Legislative Update For The Week Ending October 21 2011
(Washington, DC) – Seventy-eight percent of retirees think Congress should cap what Medicare beneficiaries must spend out-of-pocket on prescription drugs, according to new survey by The Senior Citizens League (TSCL). Unlike other types of insurance, Medicare Part D has no annual out-of-pocket maximum. This leaves the sickest retirees spending hundreds, or even thousands, of dollars in pharmacy costs for prescription medications every year. .Beneficiaries are telling other Mexicans about the Social Security benefits. .Unlike income brackets that are adjusted annually, the income thresholds that subject Social Security income to taxation are fixed. Because of this, the number of Social Security recipients who are hit by the tax has increased substantially over the years as incomes have grown. … Continued
Why The Social Security Disability Insurance Program Is Going Broke
On Tuesday, the federal government shut down for the first time in seventeen years due to a legislative impasse between leaders in the House and Senate. Four days in, neither side has wavered much from its position. Leaders in the Senate are pressuring the House to pass a "clean" temporary funding measure, while leaders in the House continue to demand provisions that would delay or defund the Affordable Care Act. .Only a little more than half of the nation's nursing homes had received inspections, according to data released earlier this month, which prompted Medicare and Medicaid chief Seema Verma to direct that states complete the checks by July 31 or risk losing federal recovery funds. .In March 1988, the General Accounting Office (now General Accountability Office) cited an example of two Notch Babies who were sisters. Edith and Audrey started work at the same book bindery on the same day. Audrey was born in March 191Edith was born in June 191When they retired, Edith received a monthly benefit of 1.80 less than Audrey, a difference of almost 18%. … Continued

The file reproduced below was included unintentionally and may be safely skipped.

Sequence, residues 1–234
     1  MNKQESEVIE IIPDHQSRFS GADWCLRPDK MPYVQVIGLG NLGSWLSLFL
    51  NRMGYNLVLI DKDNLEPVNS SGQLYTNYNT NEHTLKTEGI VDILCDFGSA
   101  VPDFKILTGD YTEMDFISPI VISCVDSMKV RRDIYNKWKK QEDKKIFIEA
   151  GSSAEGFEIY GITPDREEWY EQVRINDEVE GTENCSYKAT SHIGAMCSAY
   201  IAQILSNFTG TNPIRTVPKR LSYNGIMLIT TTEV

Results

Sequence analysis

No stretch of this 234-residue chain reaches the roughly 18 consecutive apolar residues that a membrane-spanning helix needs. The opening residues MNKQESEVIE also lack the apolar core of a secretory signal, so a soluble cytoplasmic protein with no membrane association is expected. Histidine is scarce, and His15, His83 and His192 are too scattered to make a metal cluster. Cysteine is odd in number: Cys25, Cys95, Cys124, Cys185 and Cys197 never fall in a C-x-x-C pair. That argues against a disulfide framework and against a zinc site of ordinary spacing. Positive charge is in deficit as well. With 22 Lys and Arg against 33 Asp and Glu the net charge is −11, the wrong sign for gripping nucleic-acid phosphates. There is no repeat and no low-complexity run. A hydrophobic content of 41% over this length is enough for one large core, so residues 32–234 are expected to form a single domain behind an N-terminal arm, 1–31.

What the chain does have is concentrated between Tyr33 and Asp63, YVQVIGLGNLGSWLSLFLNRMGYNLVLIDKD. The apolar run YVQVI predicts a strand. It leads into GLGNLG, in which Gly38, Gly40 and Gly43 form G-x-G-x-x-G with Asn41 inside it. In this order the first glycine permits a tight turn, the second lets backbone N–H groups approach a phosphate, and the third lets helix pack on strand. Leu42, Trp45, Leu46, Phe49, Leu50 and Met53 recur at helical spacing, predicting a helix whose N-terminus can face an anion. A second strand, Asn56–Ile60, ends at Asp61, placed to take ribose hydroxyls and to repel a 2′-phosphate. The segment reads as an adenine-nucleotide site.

This week, a federal court rejected the Obama administration's immigration appeal, and The Senior Citizens League (TSCL) saw two key bills gain new cosponsors. .In addition, next week lawmakers will continue working on a spending package that will fund the federal government past December 9th. Negotiations have already begun to pass a continuing resolution (CR) that will provide short-term funding through January 201However, if those in the House and Senate fail to reach a compromise before the looming deadline, the government will shut down like it did in 2013 and Social Security beneficiaries could see negative impacts. .This week, The Senior Citizens League (TSCL) hand-delivered petitions to leaders in the Senate requesting their support for legislation that would strengthen and expand the Social Security program. In addition, lawmakers advanced a short-term deal to keep the federal government operating, and two key bills gained support in Congress. .Mary: Who tends to use anchors to influence our decisions, and when should we be wary? .When a zero COLA was announced for 2016, the Medicare Trustees projected that the Part B premium and deductible amounts would increase by an unprecedented 52 percent between 2015 and 2016 — from 4.90 to 9.30 per month. Passage of The Bipartisan Budget Act of 2015, however resulted in reducing the increase in Part B premiums from 9.30 per month to 1.80 per month, which was still an extremely high 16.1 percent increase. The premium included a repayment amount that was added to monthly premiums of all beneficiaries in future years to recover over time the cost of the reduced premium rate in 2016. .Medicare Doesn't Recover The Majority Of Overpayment Payment Amounts, .This is good news. While we have disagreements with some doctors over things like surprise medical billings, this year has taught us how critical and valuable to us all are our medical personnel. This certainly was no time to try to balance the budget on the backs of those who have borne the weight of so many of us this year. .Despite these known challenges, President Trump recently signed an Executive Order which allows the deferral of payroll taxes, including Medicare taxes, if the taxpayer is affected by a federally-declared emergency like the coronavirus. The Executive Order doesn't apply to all workers, only those earning up to 0,000 annually. The average worker will be able to put off paying just under 0 for the term of the deferral, September 1, 2020 – December 31, 2020, or about per week. The move is only temporary, and workers will be required to repay the taxes next year. .Fees vary, and are commonly more than 0 - 0 an hour, with clients frequently committing to buy a package of several sessions. The field is still new and there are not many standards or regulations yet, so it's vital to check a prospective coach's credentials and references.